- Genetic and family history
- Menopausal hormone replacement therapies
- Other gynecological health issues such as endometriosis and polycystic ovarian syndrome
Some studies show that even the in vitro procedure may cause some form of ovarian cancer because of the big doses of hormones that women should take. However, there is no particular evidence for this.
Women who don’t have a family history of ovarian cancer are at average risk of getting this disease. There is no such a thing as low risk or no risk at all because every woman in the world has some risk to be diagnosed with ovarian cancer. For those women who are at high risk, they should visit their gynecologists more often, so the eventual changes of the ovarian tissues can be seen on time.
The following are the risk factors for women with average/general ovarian cancer risk:
- Family history of breast cancer
- History of assisted reproductive therapies (IVF or insemination)
- History of endometriosis
- Hormone replacement therapies during menopause
For women with high or increased ovarian cancer risk:
- A first-degree female relative (mother, sister, or daughter) with ovarian cancer
- A personal history of breast cancer
- Two or more close relatives with breast cancer
- Family or personal history of colon cancer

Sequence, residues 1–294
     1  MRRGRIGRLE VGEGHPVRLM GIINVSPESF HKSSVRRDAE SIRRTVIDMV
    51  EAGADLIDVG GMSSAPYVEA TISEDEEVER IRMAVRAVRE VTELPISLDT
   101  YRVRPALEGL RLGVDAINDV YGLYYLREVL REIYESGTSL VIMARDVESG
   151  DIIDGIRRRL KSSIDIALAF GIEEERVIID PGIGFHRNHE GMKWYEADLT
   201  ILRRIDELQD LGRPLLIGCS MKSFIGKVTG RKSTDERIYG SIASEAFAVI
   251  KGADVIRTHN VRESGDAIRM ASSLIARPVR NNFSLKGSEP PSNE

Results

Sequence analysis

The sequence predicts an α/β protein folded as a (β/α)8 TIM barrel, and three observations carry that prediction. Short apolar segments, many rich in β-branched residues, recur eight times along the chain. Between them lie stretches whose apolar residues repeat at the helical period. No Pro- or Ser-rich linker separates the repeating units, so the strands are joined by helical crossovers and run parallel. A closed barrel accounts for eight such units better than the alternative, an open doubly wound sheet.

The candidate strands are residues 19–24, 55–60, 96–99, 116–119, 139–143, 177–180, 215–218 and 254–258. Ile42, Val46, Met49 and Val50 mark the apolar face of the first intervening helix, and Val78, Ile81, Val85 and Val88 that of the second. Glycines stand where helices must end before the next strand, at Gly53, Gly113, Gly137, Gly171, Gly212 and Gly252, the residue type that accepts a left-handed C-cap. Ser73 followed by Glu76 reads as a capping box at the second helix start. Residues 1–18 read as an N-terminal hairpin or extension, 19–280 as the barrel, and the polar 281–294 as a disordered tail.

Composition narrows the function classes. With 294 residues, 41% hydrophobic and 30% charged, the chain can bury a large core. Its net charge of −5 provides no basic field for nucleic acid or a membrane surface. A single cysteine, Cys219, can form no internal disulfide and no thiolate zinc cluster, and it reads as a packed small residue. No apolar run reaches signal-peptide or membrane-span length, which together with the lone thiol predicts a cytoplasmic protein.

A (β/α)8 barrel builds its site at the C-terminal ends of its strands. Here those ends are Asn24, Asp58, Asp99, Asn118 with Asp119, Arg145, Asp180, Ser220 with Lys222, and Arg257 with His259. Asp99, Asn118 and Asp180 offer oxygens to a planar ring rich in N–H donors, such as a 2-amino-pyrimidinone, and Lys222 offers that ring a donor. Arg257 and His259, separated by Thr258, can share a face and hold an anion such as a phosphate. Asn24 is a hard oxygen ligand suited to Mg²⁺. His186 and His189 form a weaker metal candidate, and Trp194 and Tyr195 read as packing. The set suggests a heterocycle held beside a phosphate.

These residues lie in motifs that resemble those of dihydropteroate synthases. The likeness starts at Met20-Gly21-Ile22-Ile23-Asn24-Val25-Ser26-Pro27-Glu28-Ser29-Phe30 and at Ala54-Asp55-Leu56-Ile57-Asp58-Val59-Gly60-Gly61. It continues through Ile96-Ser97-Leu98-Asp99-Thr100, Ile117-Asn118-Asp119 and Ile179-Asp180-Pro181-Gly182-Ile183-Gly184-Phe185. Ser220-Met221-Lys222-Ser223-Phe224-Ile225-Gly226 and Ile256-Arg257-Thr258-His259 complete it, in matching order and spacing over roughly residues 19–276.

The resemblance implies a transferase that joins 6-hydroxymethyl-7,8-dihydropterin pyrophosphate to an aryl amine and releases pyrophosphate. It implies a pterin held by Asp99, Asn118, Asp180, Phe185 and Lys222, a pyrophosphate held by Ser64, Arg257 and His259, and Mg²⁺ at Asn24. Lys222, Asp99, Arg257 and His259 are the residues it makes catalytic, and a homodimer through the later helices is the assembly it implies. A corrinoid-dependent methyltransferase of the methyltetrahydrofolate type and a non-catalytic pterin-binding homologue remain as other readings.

- Presence of BRCA1 and BRCA2 gene mutations
There are no special tests or everyday routine tests that may suggest that something is wrong. Every woman in the world has some risks of getting ovarian cancer. Women should have an ultrasound screening once or twice a year as the recommended prevention of any gynecologic disease. Women with increased or inherited risk should do their regular gynecologic examinations, CA-125 tests, and genetic tests for eventual mutations. If the levels of CA-125 are increased, there is a great possibility for ovarian cancer, but sometimes CA-125 can be increased in cases of pregnancy, endometriosis, pelvic infections, and fibroids.
These scans can be abdominal or transvaginal and it is usually done by a gynecologist. They particularly check if the ovaries and womb have the right size and texture. Moreover, cysts can be seen during this procedure. The gynecologist may suggest the patient to do more tests and scans if there is any suspicion that there can be ovarian cancer. If there is a suspicious size or form of the ovaries or cysts, the gynecologist will send the patient to an internist or gynecologic oncologist, to do some tests such as biopsy of the tissues or blood tumor markers. The gynecologic oncologist will decide what type of treatment is needed if the tests are positive for ovarian cancer.
This type of screening shows the picture of the ovaries more clearly. It is a type of X-ray scan wherein the patient drinks an X-ray contrast liquid before the scan. Because there is no particular test or routine check that will show the right results immediately, sometimes, the patients need to go through all the possible tests (blood tests, genetic tests, ultrasound screening, and CT scan) until the diagnosis is finally made. All the patient can do is to observe the symptoms and to call their gynecologist immediately if they see any changes that are not normal for them.